5 Minute read



2022-02-12 4PM

How to adopt a climate-friendly diet

An plate of food demonstrating a planet-friendly diet

Be it in terms of the resources required to produce the food, and the wastage after consumption, the numbers suggest that the way we consume food can help in lowering carbon emissions overall. To give some perspective, the practice of rearing cattle is responsible for nearly 14% of greenhouse gas emissions and global food production systems in general contribute 34% of those emissions.

But there are some signs for us to see that people are becoming more aware of the impact food consumption has on the planet. Between 2014 and 2017, veganism grew by 600% in the US alone. When it comes to adopting climate-friendly food choices, it doesn’t necessarily mean one only has to restrict their diet to certain food types.

Something more simple like buying less quantity of food items itself helps in avoiding the chances of wastage, which would often find its way into landfills.

Here are a few ways in which we can adopt a climate-friendly diet.

Eat local

Local food from a farmer’s market

The reason why buying our food from local sources is a good practice is that the food itself doesn’t have to travel long distances. Bringing food from faraway places results in the use of multiple resources such as manpower and fuel. The larger the distance, of course higher the emissions and the carbon footprint would be in doing so.

Learn about alternatives

Some vegan sources of protein

While we may ponder upon replacing some of the food products, one should not make the mistake of compromising on the nutritional value that we could get out of it. For example, if we plan to switch from animal-based protein, the alternatives should also be able to fill our protein requirements to that level as transitioning from a high-protein diet drastically could have repercussions on one’s health. It always helps to take an expert’s advice so getting a doctor to help plan our diet can go a long way in ensuring we get to tailor our plan according to our nutritional needs.

Go for sustainability and quality

Food sustainability

While it’s true that a plant-based diet contributes to lower carbon emissions, but at the same time, they still do have a detrimental impact on the environment. Cashews and avocados tend to require a lot of water to sustain, although they are still popular among people who choose a vegan diet, so to speak. More importantly, one can opt for what is seasonal too.

Reduce food wastage

Reducing food wastage

A very scary statistic that we recently came across - stated that nearly one-third of the food produced goes to waste. Also, 6% of the global emissions are because of food waste. While we can easily blame it on the systemic issues or the industries in question, we as individuals are also accountable for the waste that is generated. Overbuying, especially owing to one’s impulses can lead to people eventually wasting the food that comes home from the local supermarket/store. So, it always helps if we can plan our purchases when it comes to food and only buy what we need for a specific period. Even if we do end up cooking large meals, we can always stock them in the fridge to be consumed later.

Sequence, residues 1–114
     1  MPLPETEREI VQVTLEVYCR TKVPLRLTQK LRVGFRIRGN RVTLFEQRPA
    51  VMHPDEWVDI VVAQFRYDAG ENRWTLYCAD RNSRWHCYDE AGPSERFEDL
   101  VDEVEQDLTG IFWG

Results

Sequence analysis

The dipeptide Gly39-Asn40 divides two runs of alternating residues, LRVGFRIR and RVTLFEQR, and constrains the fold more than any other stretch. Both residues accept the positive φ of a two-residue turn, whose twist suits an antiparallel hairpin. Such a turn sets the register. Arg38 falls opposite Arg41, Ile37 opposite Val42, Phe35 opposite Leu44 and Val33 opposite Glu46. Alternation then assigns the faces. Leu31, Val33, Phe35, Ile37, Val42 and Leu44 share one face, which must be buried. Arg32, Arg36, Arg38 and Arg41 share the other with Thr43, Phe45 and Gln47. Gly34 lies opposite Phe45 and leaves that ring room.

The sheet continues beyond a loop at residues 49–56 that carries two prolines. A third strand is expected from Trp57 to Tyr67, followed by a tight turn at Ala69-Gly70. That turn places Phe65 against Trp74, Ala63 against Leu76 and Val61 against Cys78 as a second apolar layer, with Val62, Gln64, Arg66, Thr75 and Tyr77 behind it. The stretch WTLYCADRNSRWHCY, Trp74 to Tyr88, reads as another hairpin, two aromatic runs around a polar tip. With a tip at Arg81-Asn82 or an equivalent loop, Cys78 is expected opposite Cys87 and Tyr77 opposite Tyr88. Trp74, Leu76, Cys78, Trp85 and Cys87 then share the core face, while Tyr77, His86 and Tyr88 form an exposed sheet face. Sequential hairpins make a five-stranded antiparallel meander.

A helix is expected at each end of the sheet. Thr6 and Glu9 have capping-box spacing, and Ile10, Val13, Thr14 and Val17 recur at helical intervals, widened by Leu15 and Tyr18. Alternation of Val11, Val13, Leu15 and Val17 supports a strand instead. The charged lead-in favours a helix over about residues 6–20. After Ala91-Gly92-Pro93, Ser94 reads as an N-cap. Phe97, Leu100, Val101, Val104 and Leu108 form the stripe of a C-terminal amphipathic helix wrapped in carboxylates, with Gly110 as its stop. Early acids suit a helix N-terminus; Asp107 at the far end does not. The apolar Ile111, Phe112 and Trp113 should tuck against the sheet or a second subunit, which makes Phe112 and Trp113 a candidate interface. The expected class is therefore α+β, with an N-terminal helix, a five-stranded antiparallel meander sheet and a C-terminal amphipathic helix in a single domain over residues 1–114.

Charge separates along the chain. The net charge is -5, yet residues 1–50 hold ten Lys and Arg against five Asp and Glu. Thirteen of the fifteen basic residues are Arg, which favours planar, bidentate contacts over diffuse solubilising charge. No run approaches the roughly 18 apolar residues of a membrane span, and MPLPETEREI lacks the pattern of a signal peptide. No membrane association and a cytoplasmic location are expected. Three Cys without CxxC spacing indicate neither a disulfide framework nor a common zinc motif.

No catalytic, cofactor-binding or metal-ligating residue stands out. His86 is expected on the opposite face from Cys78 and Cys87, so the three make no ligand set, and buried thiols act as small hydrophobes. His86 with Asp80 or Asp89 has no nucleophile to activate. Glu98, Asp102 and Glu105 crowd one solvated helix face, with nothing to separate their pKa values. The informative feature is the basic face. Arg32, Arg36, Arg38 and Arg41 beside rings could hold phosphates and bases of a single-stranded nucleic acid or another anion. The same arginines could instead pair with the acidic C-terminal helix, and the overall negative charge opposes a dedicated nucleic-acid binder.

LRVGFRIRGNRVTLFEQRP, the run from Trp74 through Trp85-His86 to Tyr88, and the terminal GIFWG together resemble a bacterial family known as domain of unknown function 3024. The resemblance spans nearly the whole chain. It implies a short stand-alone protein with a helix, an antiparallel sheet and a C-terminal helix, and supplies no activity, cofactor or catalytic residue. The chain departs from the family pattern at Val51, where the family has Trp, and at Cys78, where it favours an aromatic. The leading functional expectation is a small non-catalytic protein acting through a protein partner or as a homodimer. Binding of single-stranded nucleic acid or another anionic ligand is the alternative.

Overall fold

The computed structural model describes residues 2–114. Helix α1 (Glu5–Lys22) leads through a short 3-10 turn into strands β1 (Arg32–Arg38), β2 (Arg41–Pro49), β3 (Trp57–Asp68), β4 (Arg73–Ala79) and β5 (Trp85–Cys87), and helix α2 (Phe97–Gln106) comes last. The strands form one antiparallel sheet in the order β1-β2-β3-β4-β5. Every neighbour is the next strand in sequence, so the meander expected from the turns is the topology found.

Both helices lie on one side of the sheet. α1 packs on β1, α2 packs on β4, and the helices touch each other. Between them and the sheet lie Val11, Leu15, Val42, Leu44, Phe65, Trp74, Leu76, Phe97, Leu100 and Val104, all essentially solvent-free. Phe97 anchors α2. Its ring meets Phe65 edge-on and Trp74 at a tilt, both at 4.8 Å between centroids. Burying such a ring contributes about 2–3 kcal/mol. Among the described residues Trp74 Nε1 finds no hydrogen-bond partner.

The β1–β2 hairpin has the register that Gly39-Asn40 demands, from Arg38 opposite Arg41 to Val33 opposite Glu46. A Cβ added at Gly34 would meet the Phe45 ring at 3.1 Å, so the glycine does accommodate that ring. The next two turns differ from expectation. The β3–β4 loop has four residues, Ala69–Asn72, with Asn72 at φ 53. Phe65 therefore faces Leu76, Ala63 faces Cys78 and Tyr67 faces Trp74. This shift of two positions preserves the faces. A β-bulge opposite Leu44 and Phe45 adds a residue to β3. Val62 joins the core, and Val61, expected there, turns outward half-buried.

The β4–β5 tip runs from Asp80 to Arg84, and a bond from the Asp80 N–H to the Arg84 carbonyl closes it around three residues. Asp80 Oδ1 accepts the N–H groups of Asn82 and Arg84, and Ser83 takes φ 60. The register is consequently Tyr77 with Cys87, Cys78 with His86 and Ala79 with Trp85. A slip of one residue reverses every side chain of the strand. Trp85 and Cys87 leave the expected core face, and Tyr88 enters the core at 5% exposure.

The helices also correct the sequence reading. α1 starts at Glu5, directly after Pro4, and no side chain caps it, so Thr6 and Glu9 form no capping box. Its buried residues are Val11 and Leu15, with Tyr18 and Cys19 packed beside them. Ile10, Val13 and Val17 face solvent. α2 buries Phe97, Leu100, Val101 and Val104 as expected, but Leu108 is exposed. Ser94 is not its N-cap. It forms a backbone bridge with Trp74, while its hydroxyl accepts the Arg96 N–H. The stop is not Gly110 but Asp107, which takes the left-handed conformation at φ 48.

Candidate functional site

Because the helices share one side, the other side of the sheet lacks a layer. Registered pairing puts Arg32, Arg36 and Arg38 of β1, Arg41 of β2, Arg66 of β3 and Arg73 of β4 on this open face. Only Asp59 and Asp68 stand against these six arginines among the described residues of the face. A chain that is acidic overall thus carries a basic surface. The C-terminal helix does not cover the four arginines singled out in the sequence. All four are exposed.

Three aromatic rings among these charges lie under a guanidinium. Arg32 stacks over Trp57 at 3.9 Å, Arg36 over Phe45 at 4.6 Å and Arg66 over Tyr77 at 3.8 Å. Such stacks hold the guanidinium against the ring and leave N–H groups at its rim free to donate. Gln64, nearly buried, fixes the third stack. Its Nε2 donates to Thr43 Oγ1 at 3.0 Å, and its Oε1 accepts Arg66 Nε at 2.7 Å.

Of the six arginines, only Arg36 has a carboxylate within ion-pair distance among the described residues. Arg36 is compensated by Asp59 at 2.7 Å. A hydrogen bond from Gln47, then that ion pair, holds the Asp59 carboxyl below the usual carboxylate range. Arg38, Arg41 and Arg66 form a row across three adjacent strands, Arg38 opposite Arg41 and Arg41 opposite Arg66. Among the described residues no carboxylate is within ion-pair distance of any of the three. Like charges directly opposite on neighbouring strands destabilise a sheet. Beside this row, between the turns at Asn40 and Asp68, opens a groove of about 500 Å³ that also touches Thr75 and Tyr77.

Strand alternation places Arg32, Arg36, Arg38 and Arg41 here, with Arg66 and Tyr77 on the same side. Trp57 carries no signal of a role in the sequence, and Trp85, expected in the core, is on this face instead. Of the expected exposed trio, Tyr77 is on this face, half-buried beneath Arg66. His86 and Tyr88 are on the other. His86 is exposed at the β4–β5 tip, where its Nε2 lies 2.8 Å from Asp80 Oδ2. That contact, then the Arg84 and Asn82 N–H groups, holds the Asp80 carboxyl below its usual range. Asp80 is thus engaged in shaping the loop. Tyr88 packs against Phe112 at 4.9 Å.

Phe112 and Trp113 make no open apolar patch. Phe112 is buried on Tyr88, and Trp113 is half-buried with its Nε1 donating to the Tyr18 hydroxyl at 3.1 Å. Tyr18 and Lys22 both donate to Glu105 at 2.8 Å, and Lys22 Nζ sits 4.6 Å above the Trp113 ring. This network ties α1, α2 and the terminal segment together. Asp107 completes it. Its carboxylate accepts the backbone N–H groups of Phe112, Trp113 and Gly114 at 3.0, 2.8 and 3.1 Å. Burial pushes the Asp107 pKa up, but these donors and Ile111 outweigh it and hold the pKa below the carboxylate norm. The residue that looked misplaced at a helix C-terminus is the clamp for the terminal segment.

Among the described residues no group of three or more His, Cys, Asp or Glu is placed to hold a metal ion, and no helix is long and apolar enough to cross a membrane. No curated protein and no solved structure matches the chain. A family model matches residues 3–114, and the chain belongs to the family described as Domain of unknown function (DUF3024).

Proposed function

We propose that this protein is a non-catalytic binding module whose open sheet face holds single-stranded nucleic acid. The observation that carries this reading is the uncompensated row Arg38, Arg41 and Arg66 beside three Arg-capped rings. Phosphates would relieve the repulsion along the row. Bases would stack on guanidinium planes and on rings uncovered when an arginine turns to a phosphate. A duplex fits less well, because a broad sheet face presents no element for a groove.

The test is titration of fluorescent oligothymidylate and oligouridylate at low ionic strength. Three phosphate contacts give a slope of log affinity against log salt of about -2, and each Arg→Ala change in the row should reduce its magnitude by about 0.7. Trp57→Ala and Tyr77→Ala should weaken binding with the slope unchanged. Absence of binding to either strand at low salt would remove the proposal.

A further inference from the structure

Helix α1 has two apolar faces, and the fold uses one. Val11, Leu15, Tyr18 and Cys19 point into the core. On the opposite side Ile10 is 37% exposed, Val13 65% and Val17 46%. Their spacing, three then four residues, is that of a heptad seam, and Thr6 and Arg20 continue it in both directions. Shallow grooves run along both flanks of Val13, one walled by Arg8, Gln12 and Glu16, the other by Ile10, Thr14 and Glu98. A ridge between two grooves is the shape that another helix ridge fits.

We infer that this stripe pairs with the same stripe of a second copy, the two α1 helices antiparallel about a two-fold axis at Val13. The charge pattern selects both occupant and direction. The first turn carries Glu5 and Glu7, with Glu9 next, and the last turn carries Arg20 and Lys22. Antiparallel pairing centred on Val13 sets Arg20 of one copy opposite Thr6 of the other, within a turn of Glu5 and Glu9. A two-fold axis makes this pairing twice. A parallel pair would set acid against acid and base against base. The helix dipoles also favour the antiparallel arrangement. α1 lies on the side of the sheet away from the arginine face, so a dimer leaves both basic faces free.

Do it yourself

Home cooking

While a lot of us tend to order using a host of food-delivery apps, the resources expended in bringing that food to our table often leave a big impact on our carbon footprint. Be it the plastic cutlery or the fuel burned for delivering them, they all contribute negatively in doing so.

There is indeed no harm in ordering in once in a while from our favourite places, but if we manage to cook for ourselves, it definitely curbs the impact on the planet, let alone keep us healthy and save us some bucks, while we’re at it.

Pace yourself

Pacing yourself while following any diet is essential

We need to understand that there is no need to be in a hurry to change our dietary habits. In fact, the more drastic the changes, the harder it is for our bodies to adapt, so it is simply detrimental to choose those steps at the cost of our health. For example, if you intend to turn 100% vegan, it would be easier to do so by perhaps switching from say beef to chicken, and then to plant-based protein sources. Keeping one’s nutritional intake at check is therefore something one should prioritise while making such changes in our food intake.

The journey ahead

Moreover, we can do a lot by simply making a few changes in our food habits in order to lower our carbon footprint, to a large extent. It is not always about switching from animal protein but also working towards being mindful about the food waste being generated from our households. Eating seasonal and local food always helps, but at the same time we should understand our body’s needs properly, thus balancing our health as well as that of our planet.

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*Note: The numbers are our best estimate based on the available information